Top judge’s directives come as National Assembly denounces incident, with PTI lawmakers declaring it a ‘conspiracy’
The Supreme Court of Pakistan on Friday lashed out at the Punjab police over its failure to protect the Ganesh Temple in Rahim Yar Khan, and ordered the immediate arrest of all culprits and provision of resources for its restoration.
On Wednesday, a mob of hundreds descended upon the Hindu temple in Bhong town of Rahim Yar Khan district, damaging its infrastructure and vandalizing statues of the deities housed within it. The mob also blocked a section of the Sukkur-Multan Motorway, with the rioters claiming they were protesting against a local court’s decision to grant bail to a 9-year-old Hindu boy who had been taken into custody over allegedly urinating in a madrassa.
Clips of the mob violence went viral on social media on Wednesday evening, prompting the Supreme Court to take suo motu notice of the incident. Government ministers also slammed the incident, stressing that the culprits would not be allowed to escape justice. The top court subsequently issued summons to the Punjab chief secretary and the inspector general of police, directing them to appear before the chief justice and present a report on the incident.
“The temple was attacked. What were the administration and the police doing?” Chief Justice Gulzar Ahmed asked the officials during the hearing. The IGP responded that district officials had been present at the scene, adding that their priority had been to protect the homes of the Hindu community around the temple when the mob attacked it. He also clarified that police had added terrorism clauses to the case.
The chief justice said that if the bureaucracy could not ensure the safety of the areas under their administration, they should be removed, singling out the commissioner, deputy commissioner and district police officer for their failure in protecting the temple. He said the incident had damaged Pakistan’s reputation internationally and censured police for doing nothing more than “watching the spectacle,” as the temple was desecrated.
“The police failed in fulfilling its responsibility,” regretted Justice Qazi Amin upon being informed that, thus far, no one had been arrested in the case. He also noted that even if the arrests were made, the police would release the suspects on bail—which can only be granted by courts—and try to make the parties “reconcile” and bury the issue.
“Three days have passed and not one person has been arrested,” the chief justice pointed out and criticized the police for lacking “enthusiasm” to tackle the case. “The matter would have been resolved by now if there were professionals in the police force,” he said.
He also pointed to the terror that Hindus in Pakistan must be feeling after the attack. “Hindu temple was demolished. Think what they must have felt. Imagine what would have been the reaction of Muslims had a mosque been demolished,” he said, adding that a failure to immediately arrest the culprits had left the Hindu community feeling vulnerable and seeking assurances that such incidents would not be repeated.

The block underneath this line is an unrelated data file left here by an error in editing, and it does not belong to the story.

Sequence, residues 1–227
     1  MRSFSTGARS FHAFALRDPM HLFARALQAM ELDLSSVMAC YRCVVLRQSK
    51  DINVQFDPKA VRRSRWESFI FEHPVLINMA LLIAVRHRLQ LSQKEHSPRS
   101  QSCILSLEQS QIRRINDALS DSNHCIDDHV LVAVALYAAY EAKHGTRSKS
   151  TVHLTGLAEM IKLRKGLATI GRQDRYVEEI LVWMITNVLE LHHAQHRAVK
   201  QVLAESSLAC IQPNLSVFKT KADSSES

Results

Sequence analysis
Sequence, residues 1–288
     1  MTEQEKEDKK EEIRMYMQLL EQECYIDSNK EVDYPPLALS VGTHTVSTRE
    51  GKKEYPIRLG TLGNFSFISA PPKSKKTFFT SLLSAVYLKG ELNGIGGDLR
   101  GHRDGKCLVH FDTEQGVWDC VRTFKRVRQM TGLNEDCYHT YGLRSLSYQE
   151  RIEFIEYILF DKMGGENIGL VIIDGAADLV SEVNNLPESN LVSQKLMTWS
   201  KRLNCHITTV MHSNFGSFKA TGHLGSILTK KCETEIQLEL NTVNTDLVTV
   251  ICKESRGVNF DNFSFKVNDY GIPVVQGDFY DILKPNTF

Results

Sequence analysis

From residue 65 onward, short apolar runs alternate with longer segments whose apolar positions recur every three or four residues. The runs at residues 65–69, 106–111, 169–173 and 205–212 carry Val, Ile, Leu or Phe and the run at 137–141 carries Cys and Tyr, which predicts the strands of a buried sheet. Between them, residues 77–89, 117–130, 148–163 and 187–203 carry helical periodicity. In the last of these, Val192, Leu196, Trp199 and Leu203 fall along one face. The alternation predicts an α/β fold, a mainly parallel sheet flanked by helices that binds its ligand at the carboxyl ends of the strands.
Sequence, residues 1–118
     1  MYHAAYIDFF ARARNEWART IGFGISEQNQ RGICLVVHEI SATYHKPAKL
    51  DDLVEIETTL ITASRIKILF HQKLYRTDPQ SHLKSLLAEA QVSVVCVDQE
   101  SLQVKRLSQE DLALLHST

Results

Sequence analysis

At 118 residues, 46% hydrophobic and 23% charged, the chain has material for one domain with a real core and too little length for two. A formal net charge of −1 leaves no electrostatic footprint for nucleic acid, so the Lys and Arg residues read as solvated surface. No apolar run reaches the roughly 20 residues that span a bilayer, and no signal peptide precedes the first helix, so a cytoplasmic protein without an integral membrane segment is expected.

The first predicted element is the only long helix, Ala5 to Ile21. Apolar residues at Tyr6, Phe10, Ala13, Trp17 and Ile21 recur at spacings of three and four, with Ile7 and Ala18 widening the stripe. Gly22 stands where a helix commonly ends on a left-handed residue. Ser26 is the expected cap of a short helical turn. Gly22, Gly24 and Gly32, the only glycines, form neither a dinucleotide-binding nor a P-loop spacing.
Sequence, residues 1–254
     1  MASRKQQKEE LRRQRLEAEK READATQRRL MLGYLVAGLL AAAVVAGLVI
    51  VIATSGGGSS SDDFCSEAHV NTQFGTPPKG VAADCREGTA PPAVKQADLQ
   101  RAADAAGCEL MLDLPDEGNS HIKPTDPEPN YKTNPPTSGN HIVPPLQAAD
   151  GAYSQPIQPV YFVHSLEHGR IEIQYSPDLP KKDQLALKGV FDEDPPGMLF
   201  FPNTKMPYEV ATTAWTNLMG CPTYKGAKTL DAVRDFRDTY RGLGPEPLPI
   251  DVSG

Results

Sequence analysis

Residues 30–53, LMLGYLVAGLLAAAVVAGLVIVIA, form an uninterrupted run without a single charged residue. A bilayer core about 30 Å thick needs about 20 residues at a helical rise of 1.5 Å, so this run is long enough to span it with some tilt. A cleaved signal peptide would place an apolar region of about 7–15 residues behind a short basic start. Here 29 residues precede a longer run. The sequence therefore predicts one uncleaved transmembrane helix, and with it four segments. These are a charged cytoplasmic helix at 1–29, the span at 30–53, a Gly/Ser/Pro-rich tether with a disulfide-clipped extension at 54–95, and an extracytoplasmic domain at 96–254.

Referring to the original issue of a 9-year-old boy being arrested for allegedly urinating in a madrassa, he questioned the basis of the case. “What do you expect from a 9-year-old? What does a 9-year-old know about religion? Do the police have any idea about the mind of a young kid?” he said and ordered the removal of the station house officer who had permitted the arrest.
During the proceedings, Additional Attorney General Sohail Mahmood informed the bench that Prime Minister Imran Khan had taken personal notice of the incident, with the chief justice saying he should continue to do so, but the court would now examine the legal aspects of the case. The court also ordered the formation of village committees for peace and religious harmony, and adjourned the proceedings until Aug. 13.
Also on Friday, members of Pakistan’s National Assembly condemned the attack on the temple, terming such incidents “unfortunate.” Opposition lawmakers slammed the police’s failure to arrest the culprits, demanding that the prime minister and interior minister justify the delay.
PTI MNA Jai Prakash blamed the temple’s desecration on police negligence, saying the prime minister had taken immediate notice. PTI MNA Shunila Ruth, meanwhile, described the incident as a “conspiracy,” claiming the incumbent government supported the Hindu minority. Another PTI MNA, Lal Chand Malhi, also sought to offload blame on a “conspiracy,” claiming such incidents intended to defame Pakistan.
In a video statement, Information Minister Chaudhry Fawad Hussain said Pakistan’s flag had two colors—green for Muslims and white for non-Muslims—and it was the government’s responsibility to respect both groups. “We hold as much respect for the white color as we do the green,” he said, adding that Pakistan was not India.
“No fascistic ideology will be allowed to govern this country,” he said, adding that the prime minister, the judiciary and the military backed the vision of a progressive Pakistan that ensured the rights of all its citizens.